On Sunday, I got out into the Dark Peak area north of my home to research mountain hares for some future projects. The hares exist only on the flat, exposed tops of the Peak District outside of Scotland  but even here, getting a sighting is never guaranteed. From a distance, the landscape looks flat and barren and the wind never seems to cease painting a pretty bleak picture making it hard to believe very much can survive up there. Once you get in amongst the heather and grasses, you soon see that on a finer level, the landscape is a bit more complicated. There are deep peat hags, runnels and small gorges strewn within the blanket of heather. The ground underfoot is very soft and springy. Moss grows where the heather can't and the ground as a whole is waterlogged. Peat bogs and moorland provide vital flood defences acting as a sponge to soak up the rain, preventing it from running off the hills all at once and so stopping flooding in the valleys below. Luckily on Sunday, the rain kept itself in the clouds! Finding mountain hares always requires a stroke of luck. Normally they are sat up against the side of a peat hag out of the wind but in a landscape consisting of holes and dips in every direction, you can come across a hare, frighten it and it be 20 metres away in a matter of seconds. My only encounter this day nearly ended the same way. Spotting a hare sat on the leeward side of a small depression on my right, I quickly stopped, took a step back and slumped to a crouch. There is often a make-or-break moment in nature photography and today, this was it. To my relief the hare didn't rise out of the dip and dart away and I knew then I'd managed to get down in time.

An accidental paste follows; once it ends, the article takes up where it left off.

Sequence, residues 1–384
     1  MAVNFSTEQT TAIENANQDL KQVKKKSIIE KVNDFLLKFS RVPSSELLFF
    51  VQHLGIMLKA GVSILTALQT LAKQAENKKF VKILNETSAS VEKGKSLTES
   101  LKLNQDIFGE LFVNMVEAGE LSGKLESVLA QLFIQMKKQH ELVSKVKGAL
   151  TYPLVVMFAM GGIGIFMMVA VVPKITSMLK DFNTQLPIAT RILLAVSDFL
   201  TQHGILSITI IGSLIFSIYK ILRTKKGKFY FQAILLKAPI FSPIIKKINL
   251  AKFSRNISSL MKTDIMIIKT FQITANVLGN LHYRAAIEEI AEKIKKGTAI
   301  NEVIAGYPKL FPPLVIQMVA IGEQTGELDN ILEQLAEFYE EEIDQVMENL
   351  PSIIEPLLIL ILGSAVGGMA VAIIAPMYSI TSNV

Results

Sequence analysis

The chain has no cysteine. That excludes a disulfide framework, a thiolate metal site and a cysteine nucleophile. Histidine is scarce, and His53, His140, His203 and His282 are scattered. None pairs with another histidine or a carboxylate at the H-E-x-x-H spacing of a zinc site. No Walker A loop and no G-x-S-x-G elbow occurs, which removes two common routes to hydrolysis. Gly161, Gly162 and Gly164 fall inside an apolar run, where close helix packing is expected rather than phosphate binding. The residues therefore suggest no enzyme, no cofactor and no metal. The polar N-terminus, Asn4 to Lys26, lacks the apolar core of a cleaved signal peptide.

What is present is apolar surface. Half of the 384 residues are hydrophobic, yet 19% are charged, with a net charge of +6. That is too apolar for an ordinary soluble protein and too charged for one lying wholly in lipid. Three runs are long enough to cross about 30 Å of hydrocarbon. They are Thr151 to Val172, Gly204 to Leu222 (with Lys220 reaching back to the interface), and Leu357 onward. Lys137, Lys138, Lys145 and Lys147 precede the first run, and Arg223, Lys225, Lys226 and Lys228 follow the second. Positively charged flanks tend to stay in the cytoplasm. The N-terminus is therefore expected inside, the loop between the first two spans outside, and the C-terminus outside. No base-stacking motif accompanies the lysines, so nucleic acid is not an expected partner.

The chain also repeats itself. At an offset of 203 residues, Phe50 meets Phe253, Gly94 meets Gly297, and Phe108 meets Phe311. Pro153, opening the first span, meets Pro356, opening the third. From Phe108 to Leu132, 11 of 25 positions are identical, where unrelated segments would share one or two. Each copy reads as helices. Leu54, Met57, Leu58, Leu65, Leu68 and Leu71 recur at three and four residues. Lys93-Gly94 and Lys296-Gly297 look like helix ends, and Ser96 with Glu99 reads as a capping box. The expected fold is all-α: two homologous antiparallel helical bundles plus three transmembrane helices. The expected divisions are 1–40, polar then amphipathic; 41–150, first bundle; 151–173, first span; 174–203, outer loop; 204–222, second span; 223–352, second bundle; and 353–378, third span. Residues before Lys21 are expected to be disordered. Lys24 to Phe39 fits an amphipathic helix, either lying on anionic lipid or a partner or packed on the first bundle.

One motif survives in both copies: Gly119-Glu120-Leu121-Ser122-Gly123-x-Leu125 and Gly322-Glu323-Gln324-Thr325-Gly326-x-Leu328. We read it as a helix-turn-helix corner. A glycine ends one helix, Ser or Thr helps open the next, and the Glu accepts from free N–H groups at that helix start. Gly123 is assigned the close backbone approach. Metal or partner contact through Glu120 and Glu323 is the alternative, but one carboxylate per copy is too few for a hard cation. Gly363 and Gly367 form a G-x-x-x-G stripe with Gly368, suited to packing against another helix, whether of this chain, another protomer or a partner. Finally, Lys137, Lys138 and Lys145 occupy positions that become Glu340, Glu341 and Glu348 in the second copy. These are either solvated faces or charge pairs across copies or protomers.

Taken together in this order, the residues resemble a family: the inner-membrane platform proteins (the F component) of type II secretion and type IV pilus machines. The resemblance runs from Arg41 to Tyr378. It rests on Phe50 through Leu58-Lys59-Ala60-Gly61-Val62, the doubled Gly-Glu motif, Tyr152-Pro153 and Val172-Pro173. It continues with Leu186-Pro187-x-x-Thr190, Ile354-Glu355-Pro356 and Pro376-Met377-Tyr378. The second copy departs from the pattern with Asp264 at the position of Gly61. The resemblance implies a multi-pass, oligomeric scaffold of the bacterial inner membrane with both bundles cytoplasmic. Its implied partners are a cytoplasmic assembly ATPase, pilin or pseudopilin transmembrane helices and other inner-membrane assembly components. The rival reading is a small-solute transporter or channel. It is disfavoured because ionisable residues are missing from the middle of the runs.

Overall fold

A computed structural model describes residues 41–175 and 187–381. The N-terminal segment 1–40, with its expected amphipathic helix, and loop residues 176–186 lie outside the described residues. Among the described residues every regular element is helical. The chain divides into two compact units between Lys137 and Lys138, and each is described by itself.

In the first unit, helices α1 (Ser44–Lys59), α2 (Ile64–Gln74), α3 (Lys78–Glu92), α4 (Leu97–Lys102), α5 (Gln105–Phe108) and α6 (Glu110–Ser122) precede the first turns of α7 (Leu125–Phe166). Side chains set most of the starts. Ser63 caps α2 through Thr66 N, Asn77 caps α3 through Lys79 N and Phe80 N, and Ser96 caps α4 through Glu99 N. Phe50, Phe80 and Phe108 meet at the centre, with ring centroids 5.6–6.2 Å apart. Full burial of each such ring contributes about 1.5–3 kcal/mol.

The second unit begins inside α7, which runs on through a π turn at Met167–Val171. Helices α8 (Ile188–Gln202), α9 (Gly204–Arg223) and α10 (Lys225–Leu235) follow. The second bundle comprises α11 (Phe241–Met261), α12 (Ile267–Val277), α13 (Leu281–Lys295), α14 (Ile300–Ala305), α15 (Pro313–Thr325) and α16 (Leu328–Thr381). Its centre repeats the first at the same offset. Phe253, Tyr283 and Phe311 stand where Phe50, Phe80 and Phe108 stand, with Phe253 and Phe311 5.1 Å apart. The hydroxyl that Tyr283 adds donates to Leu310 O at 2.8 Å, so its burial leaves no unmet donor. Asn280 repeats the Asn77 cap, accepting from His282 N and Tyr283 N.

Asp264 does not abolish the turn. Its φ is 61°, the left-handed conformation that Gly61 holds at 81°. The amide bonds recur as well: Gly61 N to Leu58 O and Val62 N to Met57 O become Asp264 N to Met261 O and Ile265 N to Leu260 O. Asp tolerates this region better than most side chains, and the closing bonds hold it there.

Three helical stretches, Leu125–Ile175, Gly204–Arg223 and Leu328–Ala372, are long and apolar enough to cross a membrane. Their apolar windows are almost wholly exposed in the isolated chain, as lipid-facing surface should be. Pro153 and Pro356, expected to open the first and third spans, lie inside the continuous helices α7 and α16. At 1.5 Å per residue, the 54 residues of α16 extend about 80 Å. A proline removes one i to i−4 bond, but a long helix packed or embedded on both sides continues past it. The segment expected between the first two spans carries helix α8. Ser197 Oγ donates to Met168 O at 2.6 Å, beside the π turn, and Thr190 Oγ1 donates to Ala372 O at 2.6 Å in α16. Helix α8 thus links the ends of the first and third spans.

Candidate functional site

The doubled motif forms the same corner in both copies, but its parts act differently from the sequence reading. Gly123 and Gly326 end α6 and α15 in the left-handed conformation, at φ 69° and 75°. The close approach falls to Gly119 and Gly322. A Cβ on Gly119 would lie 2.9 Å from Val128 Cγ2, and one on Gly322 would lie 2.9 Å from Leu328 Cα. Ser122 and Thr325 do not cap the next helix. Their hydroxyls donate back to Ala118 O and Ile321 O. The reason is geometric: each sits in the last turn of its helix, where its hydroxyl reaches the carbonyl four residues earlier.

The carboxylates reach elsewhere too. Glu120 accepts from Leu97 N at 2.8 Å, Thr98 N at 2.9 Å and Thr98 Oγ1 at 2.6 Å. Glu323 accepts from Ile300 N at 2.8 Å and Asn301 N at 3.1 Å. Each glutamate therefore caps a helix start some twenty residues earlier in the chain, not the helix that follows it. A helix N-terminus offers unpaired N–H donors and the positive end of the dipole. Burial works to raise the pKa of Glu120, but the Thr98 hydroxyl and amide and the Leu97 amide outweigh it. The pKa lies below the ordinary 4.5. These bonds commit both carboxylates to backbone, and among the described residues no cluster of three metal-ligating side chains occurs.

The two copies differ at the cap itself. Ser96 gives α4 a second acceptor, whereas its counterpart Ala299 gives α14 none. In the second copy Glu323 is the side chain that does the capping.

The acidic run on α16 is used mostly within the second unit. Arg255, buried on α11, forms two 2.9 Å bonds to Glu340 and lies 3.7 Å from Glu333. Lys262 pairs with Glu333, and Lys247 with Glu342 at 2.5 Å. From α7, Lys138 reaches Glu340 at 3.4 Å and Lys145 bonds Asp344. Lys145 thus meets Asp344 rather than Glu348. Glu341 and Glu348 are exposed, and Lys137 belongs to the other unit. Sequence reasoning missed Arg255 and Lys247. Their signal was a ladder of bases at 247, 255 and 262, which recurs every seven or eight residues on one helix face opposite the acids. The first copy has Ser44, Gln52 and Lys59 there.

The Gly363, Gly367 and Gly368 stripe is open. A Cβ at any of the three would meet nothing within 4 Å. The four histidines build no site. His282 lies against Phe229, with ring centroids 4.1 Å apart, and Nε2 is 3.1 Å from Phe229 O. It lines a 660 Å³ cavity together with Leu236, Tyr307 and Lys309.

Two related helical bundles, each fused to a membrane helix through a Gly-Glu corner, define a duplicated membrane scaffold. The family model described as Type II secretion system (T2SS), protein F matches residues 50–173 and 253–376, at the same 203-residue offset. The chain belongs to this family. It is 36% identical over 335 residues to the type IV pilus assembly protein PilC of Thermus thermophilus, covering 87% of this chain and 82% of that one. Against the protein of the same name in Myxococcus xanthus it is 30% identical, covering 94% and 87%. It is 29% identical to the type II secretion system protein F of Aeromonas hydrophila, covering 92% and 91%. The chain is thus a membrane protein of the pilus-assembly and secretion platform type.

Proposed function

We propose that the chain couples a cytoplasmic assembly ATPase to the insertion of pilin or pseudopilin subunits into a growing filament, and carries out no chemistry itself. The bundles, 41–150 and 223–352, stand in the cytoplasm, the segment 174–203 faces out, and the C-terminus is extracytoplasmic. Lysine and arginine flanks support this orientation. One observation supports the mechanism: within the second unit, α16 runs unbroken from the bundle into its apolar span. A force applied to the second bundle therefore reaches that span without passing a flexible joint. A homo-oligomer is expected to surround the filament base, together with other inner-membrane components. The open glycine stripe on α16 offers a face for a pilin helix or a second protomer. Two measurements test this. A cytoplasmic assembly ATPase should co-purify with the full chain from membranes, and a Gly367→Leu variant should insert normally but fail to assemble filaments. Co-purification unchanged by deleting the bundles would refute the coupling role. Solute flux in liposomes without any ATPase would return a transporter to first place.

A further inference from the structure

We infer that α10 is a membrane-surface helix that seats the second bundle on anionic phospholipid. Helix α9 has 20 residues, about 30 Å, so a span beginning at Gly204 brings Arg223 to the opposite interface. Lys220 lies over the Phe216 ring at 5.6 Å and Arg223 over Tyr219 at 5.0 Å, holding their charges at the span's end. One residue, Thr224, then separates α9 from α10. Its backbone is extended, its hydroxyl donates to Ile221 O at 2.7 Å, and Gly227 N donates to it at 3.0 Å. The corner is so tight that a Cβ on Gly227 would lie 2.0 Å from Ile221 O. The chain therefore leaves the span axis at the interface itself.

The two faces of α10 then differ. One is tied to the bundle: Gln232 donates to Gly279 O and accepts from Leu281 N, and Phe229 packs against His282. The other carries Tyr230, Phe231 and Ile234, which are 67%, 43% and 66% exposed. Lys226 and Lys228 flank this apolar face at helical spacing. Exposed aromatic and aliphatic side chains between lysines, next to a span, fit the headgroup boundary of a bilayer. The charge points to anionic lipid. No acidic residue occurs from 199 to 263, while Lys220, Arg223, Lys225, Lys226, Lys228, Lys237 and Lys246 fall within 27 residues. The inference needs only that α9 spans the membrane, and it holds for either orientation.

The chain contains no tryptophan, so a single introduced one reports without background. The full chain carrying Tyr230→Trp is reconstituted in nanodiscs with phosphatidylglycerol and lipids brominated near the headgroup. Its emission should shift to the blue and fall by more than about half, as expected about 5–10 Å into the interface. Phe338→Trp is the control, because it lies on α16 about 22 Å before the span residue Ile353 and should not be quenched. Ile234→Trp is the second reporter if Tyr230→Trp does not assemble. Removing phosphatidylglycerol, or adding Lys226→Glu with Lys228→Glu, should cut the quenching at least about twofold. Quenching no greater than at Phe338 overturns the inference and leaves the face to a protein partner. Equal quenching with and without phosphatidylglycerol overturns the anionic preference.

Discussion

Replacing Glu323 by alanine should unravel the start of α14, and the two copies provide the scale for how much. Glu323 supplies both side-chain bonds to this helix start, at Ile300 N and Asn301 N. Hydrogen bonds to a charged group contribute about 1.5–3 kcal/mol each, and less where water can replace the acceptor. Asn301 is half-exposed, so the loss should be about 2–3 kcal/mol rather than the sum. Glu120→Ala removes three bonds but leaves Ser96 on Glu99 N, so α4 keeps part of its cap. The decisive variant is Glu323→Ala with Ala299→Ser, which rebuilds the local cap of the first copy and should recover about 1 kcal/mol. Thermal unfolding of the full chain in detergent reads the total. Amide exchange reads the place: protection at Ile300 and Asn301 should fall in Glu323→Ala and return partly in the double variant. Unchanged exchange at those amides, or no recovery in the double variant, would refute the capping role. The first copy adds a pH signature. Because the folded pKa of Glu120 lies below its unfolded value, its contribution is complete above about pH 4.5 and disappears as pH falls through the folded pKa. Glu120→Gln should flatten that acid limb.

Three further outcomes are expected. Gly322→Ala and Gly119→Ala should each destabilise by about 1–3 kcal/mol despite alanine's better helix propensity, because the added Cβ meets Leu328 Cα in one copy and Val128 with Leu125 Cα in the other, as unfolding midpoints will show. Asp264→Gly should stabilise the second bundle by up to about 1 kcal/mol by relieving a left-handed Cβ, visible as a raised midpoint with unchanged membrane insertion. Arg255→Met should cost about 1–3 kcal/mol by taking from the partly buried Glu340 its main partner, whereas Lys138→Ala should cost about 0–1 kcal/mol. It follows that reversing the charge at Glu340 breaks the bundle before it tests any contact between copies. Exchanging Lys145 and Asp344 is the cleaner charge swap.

The hare had definitely seen me but had chosen that the fleeting glimpse didn't warrant the energy expenditure to speed off. Now all my movements would have to be slow, thoughtful and careful. From past experience and conversations with other photographers, I knew you could get quite close to these animals - but it took time. So rather than try and move into position straight away, I let my adrenaline subside by laying up in another depression near to where I was crouched. This was just out of sight of the hare and knowing that it was quite happy where it was, I had a cup of tea and a bite to eat. I hate being hungry when shooting; it makes me impatient and clearly this was not the time of hurrying things. So for the next 20 minutes I relaxed out of the wind and considered how to approach the hare again. Leaving my bag and binoculars where I was sitting, I shuffled forward on my front in an arch away from the hare then coming back round to a spot just below its eye level. Over the next 40 minutes I managed to creep a bit closer until I clearly the heather that prevented getting a clear shot. I find counting to 60 helps make sure you are taking your time. Even when patient, it's amazing how quickly you find the experience has gone when you think you've been shooting for hours. Eventually, I was able to gain some trust and shoot several images from different angles. The cloud had made the sky quite dull and since the landscape makes using a tripod inconspicuously, almost impossible, I had to hand hold most of the shots. The IS on my lens certainly helps but nothing beats have a good stable rest of a heavy camera.

 

Mountain hares are smaller than Brown hares but as I got closer to this one, I could see it was a bit of a monster. From about 7ft away the warm amber eyes never moved off me hence why keeping movement slow and considered is a must when photographing these animals. With a few more shots at various focal lengths, I was happy and backed away slightly. Once back at my back I noticed the hare jump out of its resting spot and nip over the horizon and gone.